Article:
But maybe pronunciation of identical nikkud marks in different phonological context is OK. Chassidim in my shteible pronounce segol in different ways: in the word melech, the first open stressed syllable as "a" in "hay" and the second as "e" as in "egg". So too kamatz, in an open syllable as "oo" in "food" and as "o" in "brother" in closed syllables. And listen to most Ashkenazim as they pronounce a chirik, whether officially malei or chaser. Certain phonological contexts trigger an "i" sound as in "trigger".

So, so what if in context of mapik heh, the tzeirei tends to become almost or exactly like a segol?

Indeed, this sort of organic natural development is what likely led to phenomena such as patach ganuv. People couldn't help but insert a little /a/ sound as they transitioned to the guttural. And the Masoretes captured the pronunciation, as it existed then.


Regardless, Rachmana Liba Ba'iy. That is why I wouldn't really sweat either the question or the resolution. Which leads me to my follow-up question to this: If you focus one getting your ShmeiHs right, are you able to simultaneously focus on the simple meaning of the words, or are you distracted by your phonological precision?

(See also the comments to my parallel blogpost, where some admit to grappling with this particular phonological difficulty.)

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    להתמהמה​​​​​​​​​​​​​​​ – Double AA Oct 7 '13 at 3:18
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    "Whether we are actually accomplishing anything" It seems obvious to me that not distinguishing between long and short varieties of the same vowel is not nearly as significant as dropping an entire consonant off of a word. – Double AA Oct 7 '13 at 3:22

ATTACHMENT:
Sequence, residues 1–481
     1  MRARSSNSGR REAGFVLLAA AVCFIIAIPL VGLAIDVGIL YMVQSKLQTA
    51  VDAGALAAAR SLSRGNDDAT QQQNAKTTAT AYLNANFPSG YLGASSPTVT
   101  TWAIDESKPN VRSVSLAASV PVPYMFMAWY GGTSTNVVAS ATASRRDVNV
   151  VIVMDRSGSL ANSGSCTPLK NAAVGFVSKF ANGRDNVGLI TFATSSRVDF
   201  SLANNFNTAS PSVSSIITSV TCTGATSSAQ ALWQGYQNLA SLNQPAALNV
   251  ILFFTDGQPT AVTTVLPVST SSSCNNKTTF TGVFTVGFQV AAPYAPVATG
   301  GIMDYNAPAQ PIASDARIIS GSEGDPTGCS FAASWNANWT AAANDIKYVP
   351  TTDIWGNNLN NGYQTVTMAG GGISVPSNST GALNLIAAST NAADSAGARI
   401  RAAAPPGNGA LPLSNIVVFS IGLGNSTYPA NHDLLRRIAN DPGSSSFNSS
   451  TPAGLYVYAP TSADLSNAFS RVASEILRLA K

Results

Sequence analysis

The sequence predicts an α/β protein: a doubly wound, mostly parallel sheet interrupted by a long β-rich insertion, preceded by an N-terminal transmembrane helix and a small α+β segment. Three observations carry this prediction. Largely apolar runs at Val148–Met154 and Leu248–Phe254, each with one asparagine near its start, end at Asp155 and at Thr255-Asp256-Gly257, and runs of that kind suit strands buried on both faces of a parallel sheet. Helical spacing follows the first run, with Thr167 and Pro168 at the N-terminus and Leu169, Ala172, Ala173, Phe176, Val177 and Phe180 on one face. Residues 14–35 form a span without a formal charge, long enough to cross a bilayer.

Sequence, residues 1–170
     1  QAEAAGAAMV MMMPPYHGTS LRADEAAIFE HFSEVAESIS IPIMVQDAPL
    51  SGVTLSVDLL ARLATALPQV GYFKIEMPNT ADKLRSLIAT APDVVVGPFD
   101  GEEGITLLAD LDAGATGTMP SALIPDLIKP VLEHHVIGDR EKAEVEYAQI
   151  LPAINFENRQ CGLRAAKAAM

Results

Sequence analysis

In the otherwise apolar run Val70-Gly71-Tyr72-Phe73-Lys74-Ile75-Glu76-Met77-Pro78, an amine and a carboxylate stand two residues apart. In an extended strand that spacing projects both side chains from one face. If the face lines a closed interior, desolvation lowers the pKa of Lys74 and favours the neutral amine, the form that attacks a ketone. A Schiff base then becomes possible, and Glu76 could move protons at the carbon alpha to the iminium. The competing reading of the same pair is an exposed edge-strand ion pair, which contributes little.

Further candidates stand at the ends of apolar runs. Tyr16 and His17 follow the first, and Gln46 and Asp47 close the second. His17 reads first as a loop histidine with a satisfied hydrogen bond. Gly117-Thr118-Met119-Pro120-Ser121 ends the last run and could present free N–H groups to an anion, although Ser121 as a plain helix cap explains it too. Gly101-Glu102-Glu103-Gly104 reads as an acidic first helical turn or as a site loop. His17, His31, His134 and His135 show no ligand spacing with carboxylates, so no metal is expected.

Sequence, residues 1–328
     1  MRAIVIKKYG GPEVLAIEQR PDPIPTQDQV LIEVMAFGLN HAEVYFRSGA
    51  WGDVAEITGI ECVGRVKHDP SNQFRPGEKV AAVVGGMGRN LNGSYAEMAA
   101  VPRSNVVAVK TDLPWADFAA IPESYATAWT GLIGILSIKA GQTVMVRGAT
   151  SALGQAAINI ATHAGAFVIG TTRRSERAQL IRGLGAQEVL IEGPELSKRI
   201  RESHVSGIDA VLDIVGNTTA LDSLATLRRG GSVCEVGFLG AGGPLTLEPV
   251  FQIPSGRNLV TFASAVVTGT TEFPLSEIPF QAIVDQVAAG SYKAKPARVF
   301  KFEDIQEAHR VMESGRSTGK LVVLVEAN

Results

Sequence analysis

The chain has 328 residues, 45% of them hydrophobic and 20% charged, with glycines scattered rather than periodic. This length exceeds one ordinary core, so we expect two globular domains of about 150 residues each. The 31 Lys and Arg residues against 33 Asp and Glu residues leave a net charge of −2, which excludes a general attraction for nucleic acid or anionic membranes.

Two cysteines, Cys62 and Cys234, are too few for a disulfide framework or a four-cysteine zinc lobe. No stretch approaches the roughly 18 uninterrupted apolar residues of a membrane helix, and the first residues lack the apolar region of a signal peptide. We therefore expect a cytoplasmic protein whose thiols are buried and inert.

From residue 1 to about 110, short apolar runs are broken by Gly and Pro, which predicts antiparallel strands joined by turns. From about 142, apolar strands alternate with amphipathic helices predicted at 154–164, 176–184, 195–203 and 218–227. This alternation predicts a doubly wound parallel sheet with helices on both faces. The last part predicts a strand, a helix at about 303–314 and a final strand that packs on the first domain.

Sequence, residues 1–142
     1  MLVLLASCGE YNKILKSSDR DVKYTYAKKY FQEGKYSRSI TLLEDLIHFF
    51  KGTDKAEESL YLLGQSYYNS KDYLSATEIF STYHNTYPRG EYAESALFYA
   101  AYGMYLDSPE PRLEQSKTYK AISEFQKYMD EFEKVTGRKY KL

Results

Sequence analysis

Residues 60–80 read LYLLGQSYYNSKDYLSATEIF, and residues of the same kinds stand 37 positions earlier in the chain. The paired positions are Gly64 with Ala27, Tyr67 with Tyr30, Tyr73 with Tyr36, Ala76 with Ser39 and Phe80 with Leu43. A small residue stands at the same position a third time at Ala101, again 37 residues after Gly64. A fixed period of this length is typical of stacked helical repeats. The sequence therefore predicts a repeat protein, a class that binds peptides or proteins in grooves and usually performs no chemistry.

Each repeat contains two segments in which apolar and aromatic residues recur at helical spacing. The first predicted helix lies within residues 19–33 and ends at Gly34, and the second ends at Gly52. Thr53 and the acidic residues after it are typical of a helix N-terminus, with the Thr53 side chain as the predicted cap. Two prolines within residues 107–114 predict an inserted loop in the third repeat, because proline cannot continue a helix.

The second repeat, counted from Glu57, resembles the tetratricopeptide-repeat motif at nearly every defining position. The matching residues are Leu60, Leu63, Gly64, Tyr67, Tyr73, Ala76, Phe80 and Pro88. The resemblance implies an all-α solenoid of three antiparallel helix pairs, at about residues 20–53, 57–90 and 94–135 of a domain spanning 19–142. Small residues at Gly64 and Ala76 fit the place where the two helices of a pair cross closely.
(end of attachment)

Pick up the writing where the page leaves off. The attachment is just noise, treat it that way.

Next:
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    @DoubleAA Although I might not go so far as calling it "obvious", I am strongly inclined to agree with you. And I still don't quite understand why it's supposedly hard to pronounce a tzeirei running into a mapik hei. I do it frequently. – Fred Oct 7 '13 at 3:42
  • @Frei Look what happens when I drop a final consonant to extend a segol to a tzeirei :) – Double AA Oct 7 '13 at 3:45
  • @DoubleAAh And look what happens when I add a mapik hei at the end of that tzeirei (assuming you pronounce the long A). – Fred Oct 7 '13 at 3:49


this is the way teimonim pronounce the qadheesh. and this is audio evidence/proof of how to pronounce the hei in the word shmeih. although op was adressing ashkanazim, i think this should fit in here quite nice as i believe that this is the most proper way of pronouncing the word and how to pronounce loshon haqodhash as a whole. so not only does it answer the op in that it doesnt sound like a eh sound or any other sound he mentioned. it has its own distinct sound which i believe whole be adopted by the klal as it was pronounced in the days of old

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  • It was very short, but it sounded to me like Shmih. Is that close? – Seth J Nov 19 '13 at 1:19
  • @SethJ no it is shamehh not shmih. it said twice in qadhish. so if you listen to the entire thing you can hear him say it twice that way. – MoriDowidhYa3aqov Nov 19 '13 at 6:11
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    arabic influence? yes arabic influence....has nothing to do with the fact that their masoroh on loshon haqodhosh is much better than the rest of the klal. and that is evident not only from the pronunciation of things. – MoriDowidhYa3aqov Nov 20 '13 at 5:11
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    @MoriDoweedhYa3gob You just said: their practices did not change; therefore, their practices did not change. Really convincing argument. – Double AA Nov 24 '13 at 4:36
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    @MoriDoweedhYa3gob Maybe, but we're not discussing which is the best overall way of pronouncing things. – Double AA Nov 24 '13 at 5:03